Wales

'We didn't think we were alive - all we could see was sand'

Image caption Tsege Yohannes travelled about 6,400 miles (10,300 km) from Asmara in Eritrea to Newport

Eritrea remains on a war footing with neighbour Ethiopia even though a border conflict ended in 1998.

While tens of thousands of people were killed, the UN estimates thousands continue to leave the country each month.

Tsege Yohannes' husband was possibly one of these after he simply disappeared one night without warning.

After she was put in jail, she escaped across a desert, warzone and sea to the UK.

Here she tells her story.

We didn't think we were alive - all we could see was sand. For eight days and nights, no houses, only dust and sand.

It was hard to breathe, this was perhaps the most difficult part of the journey.

I had been living in Asmara, the capital of Eritrea, with my husband and daughter, Naomi.

But one night he just disappeared.

Image copyright Reuters
Image caption The town of Badme has been the focus of the dispute - with it claimed by both Ethiopia and Eritrea

The police came after me asking "where is your husband?" before they put me in prison and then followed me for two weeks after they let me out.

I was scared they would arrest me again, so left in 2011 with my daughter who was three at the time.

We travelled about 1,000 km, firstly walking and then by car to Khartoum, the capital of Sudan, where we were able to stay for 18 months with my sister.

But I didn't have the papers to stay there and soldiers kept asking for them.

I wasn't sure if we could have made a life there, so I decided to try and get to Europe.

My sister said Naomi could stay with her, so I decided to try to get to Libya through the desert.

I can just remember it being windy and dusty and all I could see was dust for eight days and nights.

We had no food or water and couldn't sleep, maybe getting four or five hours at night.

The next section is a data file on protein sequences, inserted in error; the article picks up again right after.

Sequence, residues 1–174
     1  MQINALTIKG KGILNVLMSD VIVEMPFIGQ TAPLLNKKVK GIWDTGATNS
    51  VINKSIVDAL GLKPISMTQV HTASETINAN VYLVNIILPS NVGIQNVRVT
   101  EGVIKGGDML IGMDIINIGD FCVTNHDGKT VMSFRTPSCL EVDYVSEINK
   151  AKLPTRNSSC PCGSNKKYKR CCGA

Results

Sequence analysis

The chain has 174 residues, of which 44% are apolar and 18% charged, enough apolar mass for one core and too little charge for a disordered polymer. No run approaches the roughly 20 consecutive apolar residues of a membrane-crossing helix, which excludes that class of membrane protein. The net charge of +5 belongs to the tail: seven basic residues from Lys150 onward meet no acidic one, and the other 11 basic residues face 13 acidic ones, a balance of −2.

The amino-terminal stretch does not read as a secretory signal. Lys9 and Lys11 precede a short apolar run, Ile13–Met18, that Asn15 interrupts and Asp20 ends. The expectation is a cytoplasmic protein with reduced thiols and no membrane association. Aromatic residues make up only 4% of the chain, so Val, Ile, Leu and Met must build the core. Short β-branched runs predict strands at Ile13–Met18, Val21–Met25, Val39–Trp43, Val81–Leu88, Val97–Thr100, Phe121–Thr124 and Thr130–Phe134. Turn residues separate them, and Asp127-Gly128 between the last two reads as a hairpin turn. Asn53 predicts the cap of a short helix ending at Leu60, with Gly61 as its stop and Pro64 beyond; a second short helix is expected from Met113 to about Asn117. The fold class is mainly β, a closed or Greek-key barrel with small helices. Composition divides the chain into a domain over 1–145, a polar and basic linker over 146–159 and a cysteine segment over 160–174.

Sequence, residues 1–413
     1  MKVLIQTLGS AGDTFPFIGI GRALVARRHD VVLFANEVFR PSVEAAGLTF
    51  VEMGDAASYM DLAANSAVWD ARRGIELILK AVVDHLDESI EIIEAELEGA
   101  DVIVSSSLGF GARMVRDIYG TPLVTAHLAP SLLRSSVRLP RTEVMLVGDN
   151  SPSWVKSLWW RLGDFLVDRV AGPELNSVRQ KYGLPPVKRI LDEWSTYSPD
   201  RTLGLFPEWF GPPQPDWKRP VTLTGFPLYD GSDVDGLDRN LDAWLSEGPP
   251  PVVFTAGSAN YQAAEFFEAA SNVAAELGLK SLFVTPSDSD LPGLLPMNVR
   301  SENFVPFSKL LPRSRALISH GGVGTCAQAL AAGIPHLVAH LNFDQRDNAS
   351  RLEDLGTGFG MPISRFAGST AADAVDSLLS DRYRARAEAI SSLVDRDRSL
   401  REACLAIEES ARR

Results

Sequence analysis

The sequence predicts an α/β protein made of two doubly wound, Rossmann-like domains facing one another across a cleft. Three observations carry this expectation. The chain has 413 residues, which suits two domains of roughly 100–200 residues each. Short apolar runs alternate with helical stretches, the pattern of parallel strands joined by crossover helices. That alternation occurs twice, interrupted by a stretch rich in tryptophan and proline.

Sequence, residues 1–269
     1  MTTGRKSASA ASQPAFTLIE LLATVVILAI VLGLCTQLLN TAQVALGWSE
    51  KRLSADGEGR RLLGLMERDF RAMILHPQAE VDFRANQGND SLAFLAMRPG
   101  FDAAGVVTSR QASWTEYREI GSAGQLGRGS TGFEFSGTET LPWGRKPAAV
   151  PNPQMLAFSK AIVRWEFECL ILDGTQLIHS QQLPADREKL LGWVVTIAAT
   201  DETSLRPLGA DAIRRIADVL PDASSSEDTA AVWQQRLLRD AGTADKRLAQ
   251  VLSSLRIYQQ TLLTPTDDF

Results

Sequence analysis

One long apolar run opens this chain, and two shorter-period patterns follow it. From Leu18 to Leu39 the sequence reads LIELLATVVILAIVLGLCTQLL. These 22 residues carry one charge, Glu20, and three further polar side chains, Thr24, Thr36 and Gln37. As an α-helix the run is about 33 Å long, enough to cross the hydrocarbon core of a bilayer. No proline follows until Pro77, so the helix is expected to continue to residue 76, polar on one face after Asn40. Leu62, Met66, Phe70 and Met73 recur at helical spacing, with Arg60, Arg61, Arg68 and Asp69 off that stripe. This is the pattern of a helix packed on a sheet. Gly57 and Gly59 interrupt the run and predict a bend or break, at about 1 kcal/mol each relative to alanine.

When we got to Libya, it was very scary, very hard - there was no president and no peace.

We were hiding in one room, about 100 of us and all we could hear at night was shooting and guns going off.

Image copyright ARIS MESSINIS
Image caption More than 600,000 migrants have come ashore in Italy since 2014 - the highest Mediterranean influx

About 250 of us - mainly from Eritrea - got on a boat to travel across to Italy.

We were all really sick at sea, it was hard to breathe, and we spent four days in all before arriving.

My daughter joined me in Italy and I wanted to stay but I couldn't get the status I needed to do so.

That was when we travelled in the back of a lorry through Italy to France and Calais and across to the UK.

When the lorry stopped, the air came out and my daughter couldn't often breathe.

The driver couldn't open the doors until the police arrived.

He said he had to pretend he didn't know we were in there and if he did that, they would know.

Image copyright Reuters
Image caption Thousands of refugees were in a camp in Calais, France, known as The Jungle, with these trying to get to the UK, many being smuggled in the backs of lorries

It seemed so long without air in there.

All I can remember of when the police arrived is them being very nice and asking how long my daughter hadn't eaten for.

We went to London and then Cardiff before we arrived in Newport in 2014.

I am extremely happy here, there is peace, Naomi has a nice school. We live, we learn and live peacefully.

Before, I wasn't taught English, but now is the time to learn.

I have another son now, Joshua who is three and is Welsh, and when they grow I want to go to college and train to be a nurse.

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